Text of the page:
Circus owner Phineas T. Barnum coined the word in the USA in the mid 19th century. He used it as the name of the wagon that carried the circus band from one city to another.  The term dates back to 1855 his his autobiography The Life of P.T. Barnum, Written by Himself, 1855:

“At Vicksburg we sold all our land conveyances excepting four horses and the ‘band wagon’.”

Barnum, however, is not credited with the phrase “jump on the bandwagon.” Although he is a big reason why it came into existence. He made the circus so attractive that as the bandwagon rolled through town, huge crowds would back the streets.

In the late 19th century, politicians, always looking to attract a crowd, stole a page out of Barnum’s book and started using bandwagons when campaigning for office.

By the 1890s, people began using the phrase “jump on the band wagon” to show ones alliance. Teddy Roosevelt made such a reference to the practice in his Letters, 1899 (published 1951):

“When I once became sure of one majority they tumbled over each other to get aboard the band wagon.”

Why Do We Say “Pull Your Leg”?

Last month, when I wrote about 5 things we can learn from spellcheck, I said the following:

Spellcheck helps me get the rest of the way, but I still need to do most of the leg work.”

That got me wondering about the origin of that phrase, “leg work.” So, I added it to my list of Wonder Why Wednesday questions. But there was one problem.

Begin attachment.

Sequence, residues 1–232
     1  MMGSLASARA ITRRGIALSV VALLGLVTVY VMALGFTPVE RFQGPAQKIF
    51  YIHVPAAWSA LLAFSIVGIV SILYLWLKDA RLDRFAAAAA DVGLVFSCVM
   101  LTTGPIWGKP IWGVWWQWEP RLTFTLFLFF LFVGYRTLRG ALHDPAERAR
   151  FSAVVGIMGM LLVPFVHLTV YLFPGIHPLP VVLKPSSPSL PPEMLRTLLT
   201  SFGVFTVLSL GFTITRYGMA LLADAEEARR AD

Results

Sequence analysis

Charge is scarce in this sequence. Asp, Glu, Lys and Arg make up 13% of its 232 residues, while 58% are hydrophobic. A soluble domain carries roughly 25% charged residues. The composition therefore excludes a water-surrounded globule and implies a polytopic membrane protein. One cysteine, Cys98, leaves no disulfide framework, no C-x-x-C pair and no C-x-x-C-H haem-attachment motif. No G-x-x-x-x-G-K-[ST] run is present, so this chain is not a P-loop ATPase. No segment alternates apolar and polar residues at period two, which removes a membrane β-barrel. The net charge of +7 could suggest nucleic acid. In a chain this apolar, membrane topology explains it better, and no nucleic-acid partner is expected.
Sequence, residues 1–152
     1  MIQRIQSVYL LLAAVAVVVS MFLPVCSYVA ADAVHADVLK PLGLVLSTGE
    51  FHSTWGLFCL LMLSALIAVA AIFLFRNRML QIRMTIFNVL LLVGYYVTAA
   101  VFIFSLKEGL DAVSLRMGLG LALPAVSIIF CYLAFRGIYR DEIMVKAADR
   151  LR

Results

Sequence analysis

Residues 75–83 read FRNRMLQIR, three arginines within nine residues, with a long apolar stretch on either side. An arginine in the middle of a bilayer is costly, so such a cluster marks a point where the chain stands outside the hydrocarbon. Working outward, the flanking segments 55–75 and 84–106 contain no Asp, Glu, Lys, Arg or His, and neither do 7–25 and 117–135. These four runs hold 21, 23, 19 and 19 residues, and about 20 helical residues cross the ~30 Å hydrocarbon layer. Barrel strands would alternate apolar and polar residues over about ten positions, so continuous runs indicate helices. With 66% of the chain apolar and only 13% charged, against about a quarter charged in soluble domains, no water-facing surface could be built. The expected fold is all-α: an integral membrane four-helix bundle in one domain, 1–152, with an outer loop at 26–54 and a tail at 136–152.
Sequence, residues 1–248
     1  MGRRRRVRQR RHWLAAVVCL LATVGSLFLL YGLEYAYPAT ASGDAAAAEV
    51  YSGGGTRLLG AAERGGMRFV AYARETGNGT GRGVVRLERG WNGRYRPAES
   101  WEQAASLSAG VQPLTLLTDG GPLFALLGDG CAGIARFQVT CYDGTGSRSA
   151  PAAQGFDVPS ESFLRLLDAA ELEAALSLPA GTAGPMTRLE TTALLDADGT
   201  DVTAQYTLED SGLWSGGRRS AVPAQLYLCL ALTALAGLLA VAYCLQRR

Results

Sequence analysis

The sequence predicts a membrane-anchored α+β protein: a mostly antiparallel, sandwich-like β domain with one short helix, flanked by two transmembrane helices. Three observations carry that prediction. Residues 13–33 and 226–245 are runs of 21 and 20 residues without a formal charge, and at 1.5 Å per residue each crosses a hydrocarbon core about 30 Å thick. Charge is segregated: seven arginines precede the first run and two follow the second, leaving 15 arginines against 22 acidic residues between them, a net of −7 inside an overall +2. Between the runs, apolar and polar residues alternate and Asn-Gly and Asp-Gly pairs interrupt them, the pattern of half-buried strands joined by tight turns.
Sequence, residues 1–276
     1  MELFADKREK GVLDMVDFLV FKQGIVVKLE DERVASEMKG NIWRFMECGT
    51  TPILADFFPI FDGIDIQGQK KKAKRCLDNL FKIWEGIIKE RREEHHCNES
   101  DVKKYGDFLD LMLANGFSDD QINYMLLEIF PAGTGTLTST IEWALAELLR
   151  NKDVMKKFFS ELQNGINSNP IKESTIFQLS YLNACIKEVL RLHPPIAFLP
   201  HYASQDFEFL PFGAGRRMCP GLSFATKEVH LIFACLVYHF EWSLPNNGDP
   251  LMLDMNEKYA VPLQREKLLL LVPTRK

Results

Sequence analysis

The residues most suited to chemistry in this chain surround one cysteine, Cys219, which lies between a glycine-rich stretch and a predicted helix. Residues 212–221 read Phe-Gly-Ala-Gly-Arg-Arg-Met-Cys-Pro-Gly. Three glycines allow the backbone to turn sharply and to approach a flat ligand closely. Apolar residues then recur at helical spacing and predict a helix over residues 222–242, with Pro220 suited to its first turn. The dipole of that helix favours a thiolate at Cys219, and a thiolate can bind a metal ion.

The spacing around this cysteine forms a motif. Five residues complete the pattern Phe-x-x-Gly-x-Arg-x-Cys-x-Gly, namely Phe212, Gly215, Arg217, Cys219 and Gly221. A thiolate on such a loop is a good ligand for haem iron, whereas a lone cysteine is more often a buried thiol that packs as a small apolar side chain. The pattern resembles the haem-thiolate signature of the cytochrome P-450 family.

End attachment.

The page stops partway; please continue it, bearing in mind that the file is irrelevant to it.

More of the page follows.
No one seems to know where that phrase came from. The best I could do was find that it dates back to the 1890s. No other information was uncovered during a quick Google search.

However, my search led me to another interesting phrase involving legs. And although the history of this phrase is also a little fuzzy, there is enough information to make it the topic of today’s Wonder Why Wednesday.

Why Do We Say “Pulling Your Leg”?

When we “pull someone’s leg” we kid, trick or tease them. Perhaps we are playing a joke, or trying to fool them. Are we actually physically pulling their leg?

No, but maybe we used to.

According to Phrases.org.uk, one popular theory as to how this phrase came about is because in Victorian London, thieves used to pull at people’s legs to trip them. The thought is that once the person was on the ground, they would then be easy to rob.

Although it is a popular theory, there is no evidence to support it. Which leads us to another origin theory, which deals with hangings in 1780s England. Some believe that people were hired to hang on to the victim’s legs to weigh them down and give them a quicker death. Pulling on their legs would create extra weight and speed up the execution.